For Phillip, coming to the Solomon Islands has been a great opportunity to combine his passions for both economic policy and development.

    “I have always wanted to work in development. As part of my work in Canberra, I had visited Solomon Islands and was struck by the positive attitude of people here in wanting to improve their lives. The work RAMSI has done since its inception is of immense value and I am proud to be able to contribute to this.”

  • Private Everlyn Dunton, a Solomon Islander by birth, is literally right at home as she returns to Solomon Islands to serve with RAMSI's military contingent.

    A deployment to the Solomon Islands may be worlds apart for some but for Townsville soldier Private Everlyn Dunton, a Solomon Islander by birth, she is literally right at home as she returns to Solomon Islands for her first operational deployment.

    Currently deployed with the military contingent of the RAMSI, Private Dunton says she is proud to return to her homeland as a member of the Australian military.

    “I’m really happy to come back and do the job that I love and have an opportunity to work with my people.”

    “This is the first time I have come back for work. It’s very different walking around in my uniform.”

    Growing up in Gizo, in the Solomons' Western Province, Private Dunton looked up to her father, a police officer, and decided one day she would follow in his footsteps.

    “I always admired him, I told Dad when I grow up I wanted to be like him. I wanted to join the army or the police force.”

    “There is no army in the Solomon Islands so if I stayed I would have served like my father in the police force after completing my studies in Honiara.”

    But after moving to Australia in 2003 with her Australian husband, Private Dunton became an Australian citizen and decided it was time to fulfil her dream and join the army.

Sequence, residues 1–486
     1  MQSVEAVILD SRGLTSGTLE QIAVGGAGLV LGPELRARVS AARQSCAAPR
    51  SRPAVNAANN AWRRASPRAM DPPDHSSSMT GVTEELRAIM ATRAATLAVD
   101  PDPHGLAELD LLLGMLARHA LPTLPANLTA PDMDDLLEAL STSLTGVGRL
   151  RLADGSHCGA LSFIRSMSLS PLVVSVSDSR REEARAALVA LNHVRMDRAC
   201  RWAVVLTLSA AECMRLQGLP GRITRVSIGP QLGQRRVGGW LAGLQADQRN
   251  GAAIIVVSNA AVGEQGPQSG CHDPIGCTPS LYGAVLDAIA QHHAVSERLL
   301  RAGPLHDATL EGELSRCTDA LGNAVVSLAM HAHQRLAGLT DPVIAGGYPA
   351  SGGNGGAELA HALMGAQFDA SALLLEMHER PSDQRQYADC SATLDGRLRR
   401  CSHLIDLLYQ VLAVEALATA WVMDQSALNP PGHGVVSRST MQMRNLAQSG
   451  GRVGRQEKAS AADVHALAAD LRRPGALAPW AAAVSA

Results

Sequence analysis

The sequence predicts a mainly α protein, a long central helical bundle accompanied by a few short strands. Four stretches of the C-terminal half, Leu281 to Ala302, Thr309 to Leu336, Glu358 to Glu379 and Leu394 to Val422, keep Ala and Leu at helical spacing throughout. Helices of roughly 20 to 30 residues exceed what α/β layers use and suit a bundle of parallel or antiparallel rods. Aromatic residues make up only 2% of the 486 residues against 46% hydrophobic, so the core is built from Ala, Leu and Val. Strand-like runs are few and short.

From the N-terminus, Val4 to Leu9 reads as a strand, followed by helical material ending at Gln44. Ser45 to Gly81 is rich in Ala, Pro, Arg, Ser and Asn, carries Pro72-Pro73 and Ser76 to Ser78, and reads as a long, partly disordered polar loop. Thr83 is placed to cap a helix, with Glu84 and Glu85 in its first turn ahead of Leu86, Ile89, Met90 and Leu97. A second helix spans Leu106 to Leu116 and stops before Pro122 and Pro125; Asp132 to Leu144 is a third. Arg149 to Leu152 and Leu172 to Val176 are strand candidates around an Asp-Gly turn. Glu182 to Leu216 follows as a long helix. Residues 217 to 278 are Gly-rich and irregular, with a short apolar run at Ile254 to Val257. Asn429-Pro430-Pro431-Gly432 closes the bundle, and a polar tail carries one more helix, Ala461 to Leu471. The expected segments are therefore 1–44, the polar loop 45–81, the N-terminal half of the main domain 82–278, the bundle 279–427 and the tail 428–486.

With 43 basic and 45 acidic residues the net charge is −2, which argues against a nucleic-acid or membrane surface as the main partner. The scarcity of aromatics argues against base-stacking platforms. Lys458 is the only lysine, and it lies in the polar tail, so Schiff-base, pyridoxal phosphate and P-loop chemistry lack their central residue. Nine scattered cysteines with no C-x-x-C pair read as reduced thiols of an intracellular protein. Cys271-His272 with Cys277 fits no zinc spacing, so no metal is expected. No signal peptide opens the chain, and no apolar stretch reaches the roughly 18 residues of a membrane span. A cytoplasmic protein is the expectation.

“I’m very grateful to live in Australia but I never would have left Solomon Islands if I didn’t meet my husband.”

    Deployed as a driver with RAMSI’s miltiry contingent, Private Dunton’s days are varied and at times hectic but having knowledge of the area of operations has certainly made things easier.

    “Knowing the language makes my job a lot easier as I can talk to the people and translate information for my colleagues.”

    “My days consist of troop lifts and admin runs as well as mail and airport runs. When required we conduct non techs and minor maintenance on vehicles.”

    Private Dunton’s family who live in the country’s Western province, travelled 12 hours by boat to visit their daughter before she returns home.
     
    “I saw both my parents and they are really proud of me. My dad is really happy and really supportive of my decision.” 

    During Private Dunton’s visit she decided to surprise her sisters by turning up to their home unannounced.

    “I walked in and they just stood there. It was only when I got really close that they realised it was me.”

    “They didn’t recognise me at all at first.”

    Private Dunton said she tries to return to the Solomon Islands as often as possible and has made a number of private trips since moving to Australia.

    “It is really good to be back I always look forward to returning home and spending time with my family.”